NEW RICHMOND – When Gov. Jim Justice held the first groundbreaking ceremony for the improvements to W.Va. 10 last summer, he emphasized the need for patience because the construction would take a few years.
During the Thursday afternoon ceremony at Wyoming County East High School, however, state Division of Highways officials were estimating the improvements would be nearly complete by the end of next year.
The final contract for the last section in Mercer County will be bid July 16, two days shy of the one-year anniversary of Justice's first Rt. 10 groundbreaking ceremony in Logan County.
The 69 miles of two-lane road improvements runs from Man, in Logan County, to Kegley, in Mercer County, across a large portion of Wyoming County – including Cyclone, Oceana, Jesse, Pineville, New Richmond, Mullens, Herndon, among other communities.
Designed in only 99 days, the $90 million project will include replacement or improvements to 17 bridges, several intersections, construction of passing lanes and truck turn-outs where space is available, lanes will be widened to 12 feet with two- to three-foot shoulders, and many of the curves will be widened and re-aligned – unprecedented on a two-lane road in West Virginia, officials maintain.
Funding for the Wyoming and Mercer County sections comes from the Roads to Prosperity bond referendum.
With the Logan County segment completed, contractors are already on the job in Wyoming County, according to Jimmy Wriston, state DOH deputy secretary.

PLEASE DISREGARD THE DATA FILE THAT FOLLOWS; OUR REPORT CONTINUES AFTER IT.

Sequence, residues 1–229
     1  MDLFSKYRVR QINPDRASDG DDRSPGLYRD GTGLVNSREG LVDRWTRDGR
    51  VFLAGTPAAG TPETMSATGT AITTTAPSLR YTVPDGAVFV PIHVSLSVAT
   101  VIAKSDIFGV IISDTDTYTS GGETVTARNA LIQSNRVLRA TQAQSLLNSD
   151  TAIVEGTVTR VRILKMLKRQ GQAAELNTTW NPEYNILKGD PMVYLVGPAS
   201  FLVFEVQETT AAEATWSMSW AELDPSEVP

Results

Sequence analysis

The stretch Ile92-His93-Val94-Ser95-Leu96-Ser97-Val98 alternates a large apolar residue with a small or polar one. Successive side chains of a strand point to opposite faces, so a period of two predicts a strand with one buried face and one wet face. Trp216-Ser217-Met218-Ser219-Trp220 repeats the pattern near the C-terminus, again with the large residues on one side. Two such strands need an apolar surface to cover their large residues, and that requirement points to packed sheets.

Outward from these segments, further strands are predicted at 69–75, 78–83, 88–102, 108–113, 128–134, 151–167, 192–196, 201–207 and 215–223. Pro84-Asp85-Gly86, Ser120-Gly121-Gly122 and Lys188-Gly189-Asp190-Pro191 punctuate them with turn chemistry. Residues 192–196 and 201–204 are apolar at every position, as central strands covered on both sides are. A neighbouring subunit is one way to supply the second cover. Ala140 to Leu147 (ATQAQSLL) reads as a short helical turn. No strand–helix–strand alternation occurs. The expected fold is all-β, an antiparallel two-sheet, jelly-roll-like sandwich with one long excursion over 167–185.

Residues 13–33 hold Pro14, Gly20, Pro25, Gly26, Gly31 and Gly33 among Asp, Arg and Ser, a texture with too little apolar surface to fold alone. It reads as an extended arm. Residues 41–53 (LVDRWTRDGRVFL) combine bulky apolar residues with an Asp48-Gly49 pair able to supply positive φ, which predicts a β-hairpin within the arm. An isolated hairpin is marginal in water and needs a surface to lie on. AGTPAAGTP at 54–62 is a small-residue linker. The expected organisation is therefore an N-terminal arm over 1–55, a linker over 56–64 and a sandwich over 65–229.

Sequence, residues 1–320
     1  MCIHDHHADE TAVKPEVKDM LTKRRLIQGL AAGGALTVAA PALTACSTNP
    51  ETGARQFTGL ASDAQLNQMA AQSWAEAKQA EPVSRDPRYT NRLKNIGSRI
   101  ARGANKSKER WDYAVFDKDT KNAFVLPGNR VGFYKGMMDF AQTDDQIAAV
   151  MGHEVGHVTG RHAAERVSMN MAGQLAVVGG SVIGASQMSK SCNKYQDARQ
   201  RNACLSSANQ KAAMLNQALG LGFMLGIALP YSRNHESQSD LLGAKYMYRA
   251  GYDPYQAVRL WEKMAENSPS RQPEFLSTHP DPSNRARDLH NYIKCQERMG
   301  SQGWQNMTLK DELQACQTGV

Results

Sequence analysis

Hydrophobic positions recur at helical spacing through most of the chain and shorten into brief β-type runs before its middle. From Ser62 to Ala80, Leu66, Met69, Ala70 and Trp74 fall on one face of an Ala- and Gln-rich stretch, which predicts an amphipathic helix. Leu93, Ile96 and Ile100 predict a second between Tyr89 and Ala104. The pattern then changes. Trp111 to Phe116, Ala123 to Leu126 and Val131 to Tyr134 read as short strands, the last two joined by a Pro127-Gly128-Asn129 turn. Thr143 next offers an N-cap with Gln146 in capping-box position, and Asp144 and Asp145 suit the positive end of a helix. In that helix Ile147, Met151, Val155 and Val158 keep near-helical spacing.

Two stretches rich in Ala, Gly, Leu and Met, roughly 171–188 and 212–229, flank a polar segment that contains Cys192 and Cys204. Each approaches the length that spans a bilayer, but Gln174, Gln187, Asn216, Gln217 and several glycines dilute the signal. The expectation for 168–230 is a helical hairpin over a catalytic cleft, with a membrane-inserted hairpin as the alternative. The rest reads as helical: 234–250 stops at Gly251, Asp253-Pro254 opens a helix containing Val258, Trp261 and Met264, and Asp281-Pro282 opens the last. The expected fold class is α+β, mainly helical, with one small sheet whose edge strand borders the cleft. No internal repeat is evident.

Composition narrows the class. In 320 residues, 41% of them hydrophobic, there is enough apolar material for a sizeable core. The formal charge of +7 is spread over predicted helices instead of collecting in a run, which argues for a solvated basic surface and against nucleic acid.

Several crews are already working on Herndon Mountain, he said, with multiple crews working all along the route.
Oceana and Jesse bridges are among those to be replaced.
Drivers will have a detour in Jesse, near the newly opened E-Z Stop, while the new bridge is constructed.
In Oceana, however, motorists will traverse one-lane of the bridge as the new bridge is constructed one lane at a time.
“This bridge will be the centerpiece,” Wriston said of the Oceana structure.
The current structure has a crash rate that is 10 times the state average, he said.
That will not be the case with the new bridge, which will also include a turn lane, Wriston said.
The new span is already under contract, he said, though he did not provide the exact date construction will begin.
Byrd White, secretary of the West Virginia Department of Transportation, said state roads had been neglected for decades and that without the “big ideas” of the governor, improvements would not be underway now.
“These roads (Coalfields Expressway and Rt. 10) will bring this area of the world back into real time and all kinds of stuff will start happening,” Justice said, adding it make the ride to the local convenience store much safer as well.
“There isn't anything prettier than southern West Virginia,” the governor said. “There was just no way to get here.”